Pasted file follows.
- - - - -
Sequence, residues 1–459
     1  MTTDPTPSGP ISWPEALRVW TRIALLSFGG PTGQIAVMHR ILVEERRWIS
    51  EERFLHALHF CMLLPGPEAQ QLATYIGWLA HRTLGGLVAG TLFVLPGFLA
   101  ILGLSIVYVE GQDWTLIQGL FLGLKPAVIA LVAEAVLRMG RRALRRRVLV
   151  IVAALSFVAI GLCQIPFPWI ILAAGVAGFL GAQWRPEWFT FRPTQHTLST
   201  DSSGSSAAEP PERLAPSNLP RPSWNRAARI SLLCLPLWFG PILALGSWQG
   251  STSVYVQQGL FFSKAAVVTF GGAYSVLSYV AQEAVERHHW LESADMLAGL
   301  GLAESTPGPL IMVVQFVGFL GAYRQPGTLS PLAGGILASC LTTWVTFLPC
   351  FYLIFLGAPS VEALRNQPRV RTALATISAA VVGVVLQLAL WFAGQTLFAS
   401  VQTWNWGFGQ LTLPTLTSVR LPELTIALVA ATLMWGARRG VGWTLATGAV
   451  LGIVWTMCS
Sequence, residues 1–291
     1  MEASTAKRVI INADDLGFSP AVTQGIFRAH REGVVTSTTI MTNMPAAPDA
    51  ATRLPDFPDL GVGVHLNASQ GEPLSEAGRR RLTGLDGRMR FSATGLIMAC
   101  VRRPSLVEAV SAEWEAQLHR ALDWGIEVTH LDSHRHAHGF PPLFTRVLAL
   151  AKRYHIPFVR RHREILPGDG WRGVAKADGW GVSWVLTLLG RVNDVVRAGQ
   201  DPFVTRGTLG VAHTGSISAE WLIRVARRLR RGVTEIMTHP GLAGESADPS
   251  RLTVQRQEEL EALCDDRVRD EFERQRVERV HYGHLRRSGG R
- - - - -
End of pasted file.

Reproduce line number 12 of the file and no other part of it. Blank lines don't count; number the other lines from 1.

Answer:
Sequence, residues 1–291